McQueen’s Savage Innocence
Have we entered the era of savage innocence?
It felt that way at the latest McQueen show, where tough London sartorial gangster style met the Pony Boys of Dublin.
It looked like a team of Savile Row tailors had worked overtime for a month to prepare this highly constructed collection. Which was only right, seeing as founder Alexander McQueen had trained as an apprentice in the atelier of Anderson & Shepherd in his teens.
The result were some dashing clothes; cut with the McQueen brand’s exacting precision, and made in a flourish of fabrics: giant hyper-large rose bloom prints; massive windowpane check or bold red Argyles.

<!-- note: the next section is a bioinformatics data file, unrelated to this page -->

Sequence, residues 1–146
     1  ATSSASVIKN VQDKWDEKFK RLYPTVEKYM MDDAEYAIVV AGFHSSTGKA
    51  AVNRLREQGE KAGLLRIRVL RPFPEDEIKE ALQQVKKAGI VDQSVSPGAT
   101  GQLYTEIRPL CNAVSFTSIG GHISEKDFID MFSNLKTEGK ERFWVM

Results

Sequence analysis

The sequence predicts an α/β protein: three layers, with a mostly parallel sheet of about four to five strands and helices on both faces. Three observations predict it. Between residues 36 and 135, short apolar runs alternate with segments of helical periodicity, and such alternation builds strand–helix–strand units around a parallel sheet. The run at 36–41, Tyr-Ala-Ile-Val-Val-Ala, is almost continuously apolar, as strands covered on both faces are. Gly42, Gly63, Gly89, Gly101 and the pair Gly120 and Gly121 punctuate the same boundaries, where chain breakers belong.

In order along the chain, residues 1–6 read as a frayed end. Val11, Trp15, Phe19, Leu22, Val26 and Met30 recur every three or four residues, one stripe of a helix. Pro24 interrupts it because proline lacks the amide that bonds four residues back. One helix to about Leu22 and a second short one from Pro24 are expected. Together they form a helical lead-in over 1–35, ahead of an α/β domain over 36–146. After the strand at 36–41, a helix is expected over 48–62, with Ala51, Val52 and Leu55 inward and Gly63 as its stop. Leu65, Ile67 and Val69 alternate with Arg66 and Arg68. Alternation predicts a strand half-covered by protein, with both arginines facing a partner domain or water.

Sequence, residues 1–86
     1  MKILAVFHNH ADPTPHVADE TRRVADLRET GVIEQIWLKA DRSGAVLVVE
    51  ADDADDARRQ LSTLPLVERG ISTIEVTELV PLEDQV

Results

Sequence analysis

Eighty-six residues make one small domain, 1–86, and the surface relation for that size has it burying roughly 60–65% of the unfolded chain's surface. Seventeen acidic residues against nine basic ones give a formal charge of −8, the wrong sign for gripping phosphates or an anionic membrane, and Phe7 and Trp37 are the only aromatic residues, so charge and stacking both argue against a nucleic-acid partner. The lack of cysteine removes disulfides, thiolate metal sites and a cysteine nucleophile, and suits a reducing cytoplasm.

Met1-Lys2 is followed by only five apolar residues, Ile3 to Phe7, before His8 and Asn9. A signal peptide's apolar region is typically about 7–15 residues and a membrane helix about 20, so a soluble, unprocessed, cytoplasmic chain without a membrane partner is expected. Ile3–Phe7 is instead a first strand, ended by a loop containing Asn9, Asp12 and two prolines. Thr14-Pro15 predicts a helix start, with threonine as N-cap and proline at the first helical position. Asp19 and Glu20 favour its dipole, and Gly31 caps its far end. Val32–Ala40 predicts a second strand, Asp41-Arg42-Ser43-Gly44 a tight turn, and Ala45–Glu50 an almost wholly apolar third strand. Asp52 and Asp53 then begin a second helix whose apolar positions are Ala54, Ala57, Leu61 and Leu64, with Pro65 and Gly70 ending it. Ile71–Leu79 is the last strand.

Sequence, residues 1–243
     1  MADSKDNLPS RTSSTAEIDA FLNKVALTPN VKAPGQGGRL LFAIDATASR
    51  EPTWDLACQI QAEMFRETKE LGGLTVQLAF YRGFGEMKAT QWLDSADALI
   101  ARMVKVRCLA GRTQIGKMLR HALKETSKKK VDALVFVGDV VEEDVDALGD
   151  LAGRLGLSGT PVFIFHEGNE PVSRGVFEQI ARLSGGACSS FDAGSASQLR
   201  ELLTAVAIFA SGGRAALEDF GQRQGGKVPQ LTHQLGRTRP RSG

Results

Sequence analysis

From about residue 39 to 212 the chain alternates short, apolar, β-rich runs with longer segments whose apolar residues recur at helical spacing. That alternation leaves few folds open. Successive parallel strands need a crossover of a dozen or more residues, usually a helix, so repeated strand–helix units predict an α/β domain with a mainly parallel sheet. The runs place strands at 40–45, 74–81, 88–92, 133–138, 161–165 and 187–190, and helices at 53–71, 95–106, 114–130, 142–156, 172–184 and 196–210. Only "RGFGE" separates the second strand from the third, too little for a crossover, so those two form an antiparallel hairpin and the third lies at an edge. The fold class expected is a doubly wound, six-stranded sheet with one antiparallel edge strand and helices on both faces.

Rarely have we seen such a wrapped up runway season in Europe. And the most comforting solution for winter by McQueen’s creative director Sarah Burton was a sensational red duffle coat.
Though there was also a menacing air about this show – notably the great coats done in black wool, and finished with elements of a knight’s armor made in sleek cowhide. Yet innocence was also evident – seen on this young cast in their tiger print coats accessorized with massive student scarves of mohair. One of several clear references to the iconic photo series of Perry Ogden of poor working class Irish kids who kept horses in their tiny council estate houses. A Celtic sort of savage innocence.
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